The Mob and the City
The Hidden History of How the Mafia Captured New York
Forget what you think you know about the Mafia. After reading this book, even life-long mob aficionados will have a new perspective on organized crime.
Informative, authoritative, and eye-opening, this is the first full-length book devoted exclusively to uncovering the hidden history of how the Mafia came to dominate organized crime in New York City during the 1930s through 1950s. Based on exhaustive research of archives and secret files obtained through the Freedom of Information Act, author and attorney C. Alexander Hortis draws on the deepest collection of primary sources, many newly discovered, of any history of the modern mob.
Shattering myths, Hortis reveals how Cosa Nostra actually obtained power at the inception. The author goes beyond conventional who-shot-who mob stories, providing answers to fresh questions such as:
* Why did the Sicilian gangs come out on top of the criminal underworld?
* Can economics explain how the Mafia families operated?
* What was the Mafia's real role in the drug trade?
* Why was Cosa Nostra involved in gay bars in New York since the 1930s?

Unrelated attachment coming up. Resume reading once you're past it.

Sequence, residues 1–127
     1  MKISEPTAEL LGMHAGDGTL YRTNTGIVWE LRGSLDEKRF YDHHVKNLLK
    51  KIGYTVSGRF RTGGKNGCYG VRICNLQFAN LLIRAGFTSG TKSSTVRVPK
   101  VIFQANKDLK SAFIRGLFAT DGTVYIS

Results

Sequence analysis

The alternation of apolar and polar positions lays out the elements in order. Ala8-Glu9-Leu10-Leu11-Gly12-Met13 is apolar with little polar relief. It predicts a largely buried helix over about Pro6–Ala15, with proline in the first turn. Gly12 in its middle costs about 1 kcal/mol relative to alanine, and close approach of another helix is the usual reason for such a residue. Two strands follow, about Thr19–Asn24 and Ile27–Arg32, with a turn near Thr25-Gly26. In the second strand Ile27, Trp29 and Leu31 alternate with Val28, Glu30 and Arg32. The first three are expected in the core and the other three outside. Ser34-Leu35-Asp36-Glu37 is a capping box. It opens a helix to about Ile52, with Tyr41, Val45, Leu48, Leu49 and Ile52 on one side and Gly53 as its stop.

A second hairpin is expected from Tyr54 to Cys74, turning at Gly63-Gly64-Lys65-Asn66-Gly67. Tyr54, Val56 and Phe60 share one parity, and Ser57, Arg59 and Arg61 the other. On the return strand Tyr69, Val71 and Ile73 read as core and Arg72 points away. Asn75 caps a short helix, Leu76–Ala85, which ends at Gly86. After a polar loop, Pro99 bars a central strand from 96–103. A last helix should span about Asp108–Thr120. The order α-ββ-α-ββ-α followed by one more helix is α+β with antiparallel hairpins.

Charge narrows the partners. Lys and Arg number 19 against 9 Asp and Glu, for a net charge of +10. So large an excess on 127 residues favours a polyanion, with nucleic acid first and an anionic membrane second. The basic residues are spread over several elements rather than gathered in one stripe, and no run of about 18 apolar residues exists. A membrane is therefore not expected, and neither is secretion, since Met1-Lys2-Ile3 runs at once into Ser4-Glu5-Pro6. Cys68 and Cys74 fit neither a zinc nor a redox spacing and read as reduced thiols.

Drawing on an unprecedented array of primary sources, The Mob and the City is the most thorough and authentic history of the Mafia's rise to power in the early-to-mid twentieth century.
Baker & Taylor
Describes how the Mafia came to dominate organized crime in New York City from the 1930s through the 1950s, looking at their involvement in drugs, bars, and labor unions.
Casting a skeptical eye toward the golden age of the Mafia, author C. Alexander Hortis cuts through the mythology surrounding the mob. Covering the time period from 1910 to the beginning of its decline in the late 1950s, Hortis shows the rise and fall of the Mafia in this meticulously researched book. Instead of a list of assassinations, gangland hits, and tales inter-family warfare, Hortis looks at the means the Sicilian Mafia families used to dominate the underworld of New York City in the first half of the 20th century. Using personal memoirs, trial transcripts, labor union records, surveillance reports, internal files from the FBI and other primary documents, Hortis chronicles how the foot soldiers rather than the bosses of the Sicilian Mafia took over the criminal rackets of New York’s five Boroughs from previous immigrant gangs. Hortis also uses these primary documents to dispel many of the myths that have arisen concerning the Mob. Hortis contends that notions such as, that the Mafia was comprised of honorable men who adhered to a strict code of silence and refused to traffic in dishonorable vices like narcotics, are all part of the mythology fabricated as plot devices by Hollywood and other fiction writers. Annotation ©2014 Ringgold, Inc., Portland, OR (protoview.com)
This thorough and authentic history of how the Mafia came to dominate organized crime in New York City during the 1930s through 1950s draws on an extensive collection of primary sources.
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